Pop Culture Princess

Pop Culture Princess
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Wednesday, May 05, 2010

Some musical odd couples are not as unlikely as you think

Some music fans were startled to discover recently that one of the songs on Michael Bolton's upcoming album this fall was written by none other than Lady Gaga(you can even hear her singing in the background of the tune in question,entitled Murder My Heart).

While this may seem to be a strange pairing of musical talents,sort of like having Henry Rollins write songs and arrange the score for High School Musical 5,teams-up like this are not as uncommon as you would imagine. Many a time a singer-songwriter will have another recording artist do a certain song that they're happy to sit back and simply get the "lyrics by" credit for.

One big name performer well known for doing this is Prince,who has written songs for Sheena Easton,Madonna and various others in his musical posse.

Many were taken aback by Sinead O'Connor's debut hit single "Nothing Compares to U" being one of his original compositions,mainly since most folks were only familiar with Prince's more notoriously naughty numbers(such as the infamous "Darling Nikki"). Turns out that the Purple One did possess a softer side,one that served him and Sinead rather well in the long run:

Paul Williams has had a diverse pop culture career,with writing songs for the likes of Three Dog Night,Helen Reddy and Barbara Streisand to appearances on TV shows such as Batman:The Animated Series(as the voice of The Penguin),Babylon 5,Picket Fences and Walker,Texas Ranger,plus film appearances including a major role as evil music mogul Swan in the cult classic Phantom of the Paradise.

One constant in Williams' winding road of professional achievements is his unexpected enjoyment of children's entertainment. He wrote and performed several of the songs in the 70's kiddie mobster musical Bugsy Malone,as well as many Muppet related programs including Emmett Otter's Jug Band Christmas and John Denver's Christmas special with Kermit and the gang.

Speaking of Kermit,it was Paul Williams who wrote the frog's trademark song "The Rainbow Connection",which received an Oscar nomination as the Best Song from The Muppet Movie. It may be hard to picture someone with the sinister snarkiness that Williams has in abundance to be such a sentimentalist at heart,but looks can and are truly deceiving,in the best sense of the phrase:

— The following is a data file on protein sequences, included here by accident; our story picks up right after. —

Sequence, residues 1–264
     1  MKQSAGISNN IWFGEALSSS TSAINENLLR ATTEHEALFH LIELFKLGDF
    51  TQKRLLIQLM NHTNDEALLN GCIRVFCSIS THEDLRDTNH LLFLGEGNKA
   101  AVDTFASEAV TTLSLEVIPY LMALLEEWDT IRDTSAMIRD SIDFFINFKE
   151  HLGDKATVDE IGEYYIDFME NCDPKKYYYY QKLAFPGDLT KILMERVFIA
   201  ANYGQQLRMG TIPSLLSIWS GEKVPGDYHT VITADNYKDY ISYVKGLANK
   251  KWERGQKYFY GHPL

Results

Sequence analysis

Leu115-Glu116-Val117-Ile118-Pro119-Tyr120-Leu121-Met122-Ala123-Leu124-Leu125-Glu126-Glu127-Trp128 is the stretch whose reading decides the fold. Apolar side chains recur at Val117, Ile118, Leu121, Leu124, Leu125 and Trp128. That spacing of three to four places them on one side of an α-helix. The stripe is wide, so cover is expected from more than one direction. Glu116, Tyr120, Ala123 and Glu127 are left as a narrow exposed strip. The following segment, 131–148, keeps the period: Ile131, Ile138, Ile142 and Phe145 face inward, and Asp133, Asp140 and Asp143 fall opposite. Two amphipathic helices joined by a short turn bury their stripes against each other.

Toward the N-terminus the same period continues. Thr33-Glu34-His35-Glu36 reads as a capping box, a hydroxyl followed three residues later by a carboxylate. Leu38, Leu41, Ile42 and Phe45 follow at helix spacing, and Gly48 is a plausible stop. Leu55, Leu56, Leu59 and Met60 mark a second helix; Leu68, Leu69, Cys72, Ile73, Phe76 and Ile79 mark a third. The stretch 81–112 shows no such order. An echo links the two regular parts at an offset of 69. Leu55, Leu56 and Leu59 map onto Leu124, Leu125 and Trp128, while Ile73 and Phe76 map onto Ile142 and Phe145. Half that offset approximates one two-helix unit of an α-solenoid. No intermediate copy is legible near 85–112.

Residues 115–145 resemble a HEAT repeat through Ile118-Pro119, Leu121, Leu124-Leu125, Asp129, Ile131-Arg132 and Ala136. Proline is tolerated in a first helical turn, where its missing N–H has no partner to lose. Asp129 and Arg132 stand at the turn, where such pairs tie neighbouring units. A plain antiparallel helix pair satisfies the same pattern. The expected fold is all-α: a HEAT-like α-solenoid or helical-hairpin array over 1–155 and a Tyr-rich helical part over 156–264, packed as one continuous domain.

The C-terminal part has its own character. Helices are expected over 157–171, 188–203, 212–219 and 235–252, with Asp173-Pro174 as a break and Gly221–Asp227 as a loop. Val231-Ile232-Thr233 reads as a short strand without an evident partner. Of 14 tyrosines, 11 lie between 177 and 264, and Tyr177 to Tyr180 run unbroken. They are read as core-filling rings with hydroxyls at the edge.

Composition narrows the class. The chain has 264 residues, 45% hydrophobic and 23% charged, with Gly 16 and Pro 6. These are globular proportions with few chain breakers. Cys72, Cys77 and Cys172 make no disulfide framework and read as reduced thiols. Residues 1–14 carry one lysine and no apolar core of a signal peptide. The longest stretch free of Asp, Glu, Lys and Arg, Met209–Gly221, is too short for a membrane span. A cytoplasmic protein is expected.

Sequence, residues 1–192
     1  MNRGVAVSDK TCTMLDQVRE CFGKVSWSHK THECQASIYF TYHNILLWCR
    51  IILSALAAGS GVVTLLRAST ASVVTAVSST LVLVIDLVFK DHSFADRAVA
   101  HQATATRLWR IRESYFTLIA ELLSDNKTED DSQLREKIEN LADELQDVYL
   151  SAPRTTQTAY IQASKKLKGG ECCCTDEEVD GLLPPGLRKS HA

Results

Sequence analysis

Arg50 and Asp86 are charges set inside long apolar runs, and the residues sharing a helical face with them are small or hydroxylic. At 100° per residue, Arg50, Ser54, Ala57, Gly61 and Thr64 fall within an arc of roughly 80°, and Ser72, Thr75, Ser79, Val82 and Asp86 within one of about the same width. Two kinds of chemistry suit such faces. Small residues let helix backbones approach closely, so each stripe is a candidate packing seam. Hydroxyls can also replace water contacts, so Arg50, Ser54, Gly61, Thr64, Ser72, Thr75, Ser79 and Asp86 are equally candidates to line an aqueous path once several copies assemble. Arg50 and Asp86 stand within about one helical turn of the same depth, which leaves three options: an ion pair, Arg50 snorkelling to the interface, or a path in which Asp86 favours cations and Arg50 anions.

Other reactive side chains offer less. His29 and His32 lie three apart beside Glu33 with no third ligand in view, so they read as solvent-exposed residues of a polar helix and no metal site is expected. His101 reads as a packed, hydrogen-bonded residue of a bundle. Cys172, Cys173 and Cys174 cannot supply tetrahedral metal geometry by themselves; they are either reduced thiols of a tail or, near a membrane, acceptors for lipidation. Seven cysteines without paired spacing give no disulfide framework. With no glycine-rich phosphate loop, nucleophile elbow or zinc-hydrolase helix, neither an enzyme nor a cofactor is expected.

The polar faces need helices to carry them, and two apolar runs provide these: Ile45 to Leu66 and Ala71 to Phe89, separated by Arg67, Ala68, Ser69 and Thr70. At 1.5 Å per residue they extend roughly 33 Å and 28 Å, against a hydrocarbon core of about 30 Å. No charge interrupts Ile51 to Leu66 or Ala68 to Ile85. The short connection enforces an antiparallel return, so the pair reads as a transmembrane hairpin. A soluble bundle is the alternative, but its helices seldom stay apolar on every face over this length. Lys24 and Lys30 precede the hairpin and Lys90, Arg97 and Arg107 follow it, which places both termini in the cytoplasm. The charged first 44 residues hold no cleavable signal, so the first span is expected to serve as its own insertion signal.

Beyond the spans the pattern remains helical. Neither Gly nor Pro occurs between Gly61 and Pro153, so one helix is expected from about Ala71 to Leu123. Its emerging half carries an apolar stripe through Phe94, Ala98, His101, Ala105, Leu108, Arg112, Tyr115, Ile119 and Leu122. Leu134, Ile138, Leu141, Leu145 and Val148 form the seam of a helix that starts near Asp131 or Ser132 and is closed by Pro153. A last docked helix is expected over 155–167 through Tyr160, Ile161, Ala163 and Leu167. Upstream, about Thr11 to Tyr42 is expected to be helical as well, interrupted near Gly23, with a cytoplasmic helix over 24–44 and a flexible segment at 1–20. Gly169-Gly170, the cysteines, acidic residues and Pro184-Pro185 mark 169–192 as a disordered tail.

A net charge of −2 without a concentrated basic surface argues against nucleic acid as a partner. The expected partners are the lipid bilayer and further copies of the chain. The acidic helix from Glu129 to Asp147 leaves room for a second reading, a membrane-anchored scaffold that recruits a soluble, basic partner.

It was puzzling to some fans of the movie The Bodyguard that most of the tunes from the soundtrack sung by Whitney Houston that were nominated for Best Original Song that year didn't include everyone's favorite,"I Will Always Love You". The reason for that was it wasn't an original song for either the film or Whitney. Dolly Parton first wrote it in the early seventies and retouched the song to add it into the playlist for her role in the big screen version of The Best Little Whorehouse in Texas.

The song still has a strong pop culture cache,with it being the centerpiece of a very memorable Luke and Lorelai moment in the final season of Gilmore Girls. As much as I like Dolly and Whitney,Lauren Graham's take on the song is my favorite version:

Even James Bond is not immune from offbeat musical pairings. True,most of the Bond movie theme songs are sung by those who write them but there's always an exception to the rules,especially for Tina Turner. The theme to the first Pierce Brosnan helmed 007 movie "Goldeneye" was sung by Tina and written by Bono & The Edge.

Of all the post-Connery Bonds,Pierce Brosnan was one of the best and this theme song is one of the last good ones made for the series. Tina's vocal strengths evoke a Shirley Bassey slickness to the song which was well crafted by Bono,who upgraded the old school style nicely:

So,the next time you hear about two singers who sound as compatible as chalk and cheese working together on a song,don't be too quick to raise your eyebrows about it. Sometimes,even a song you know and hate can become your new favorite in the hands and voice of a completely different singer:

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